The goods and services differential, also known as a cost of living adjustment or COLA, is the difference in the cost of goods and services in an employee’s home location versus the host location.
The purpose of the goods and services differential is to provide the employee with the same level of purchasing power in the host location as they had in their home location. Companies such as Mercer, AIRINC and ECA are used to calculate goods and services amounts. These companies go through a variety of steps to create data tables that are used to determine a goods and services differential. As an example, in this article by AIRINC, they believe that incorporating behavioral change alongside the price change is critical to accurately capturing the true cost differential. For example, in a country where tap water might not be safe to drink, a relocating employee may have to change their habits to incorporate bottled water.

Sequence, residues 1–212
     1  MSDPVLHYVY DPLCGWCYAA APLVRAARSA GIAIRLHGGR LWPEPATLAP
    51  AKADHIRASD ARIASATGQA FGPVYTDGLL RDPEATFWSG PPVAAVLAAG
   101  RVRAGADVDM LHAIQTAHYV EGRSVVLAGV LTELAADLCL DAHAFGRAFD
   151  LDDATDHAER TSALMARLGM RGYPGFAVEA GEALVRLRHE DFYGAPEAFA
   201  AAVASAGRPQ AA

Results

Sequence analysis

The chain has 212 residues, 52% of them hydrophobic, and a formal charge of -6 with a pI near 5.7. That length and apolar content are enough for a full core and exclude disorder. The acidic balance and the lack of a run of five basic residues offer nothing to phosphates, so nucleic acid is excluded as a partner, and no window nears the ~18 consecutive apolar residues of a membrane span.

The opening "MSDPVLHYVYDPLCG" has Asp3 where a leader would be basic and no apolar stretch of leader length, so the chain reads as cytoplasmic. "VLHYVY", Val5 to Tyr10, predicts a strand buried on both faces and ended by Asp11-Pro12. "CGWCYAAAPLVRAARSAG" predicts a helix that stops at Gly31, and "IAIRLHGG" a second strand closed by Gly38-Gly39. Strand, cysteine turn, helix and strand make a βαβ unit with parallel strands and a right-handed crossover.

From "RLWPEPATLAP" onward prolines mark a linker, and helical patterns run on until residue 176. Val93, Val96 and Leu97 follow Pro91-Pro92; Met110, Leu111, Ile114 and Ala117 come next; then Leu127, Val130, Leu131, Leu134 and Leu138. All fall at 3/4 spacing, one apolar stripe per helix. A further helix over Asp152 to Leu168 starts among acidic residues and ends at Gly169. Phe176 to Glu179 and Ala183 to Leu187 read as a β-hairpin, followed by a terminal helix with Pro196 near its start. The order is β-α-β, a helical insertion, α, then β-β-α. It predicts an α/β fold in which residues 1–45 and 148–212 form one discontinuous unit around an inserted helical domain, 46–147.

If you follow these steps, establishing and revising a goods and services differential should be a breeze. Check out this Relo Tip Tuesday video on COLAs!
But what if I am actually assigned to Mbabane, as in the case above. It’s one of the places I visited a number of times many years ago as a surveyor—a particular favorite—but living there would require me to adjust some of my behaviors. For example, I’m used to turning on the tap whenever I need a glass of water, but in Swaziland, I would use bottled water for all drinking and cooking. The price of bottled water is much cheaper than in the US; however, I’m going to use a lot more of it. If I were to focus on price alone, it would negatively impact my COLA calculation. But because we incorporate this change in usage in our home-based approaches, the impact is positive, meaning I am protected from higher levels of usage of this item at host.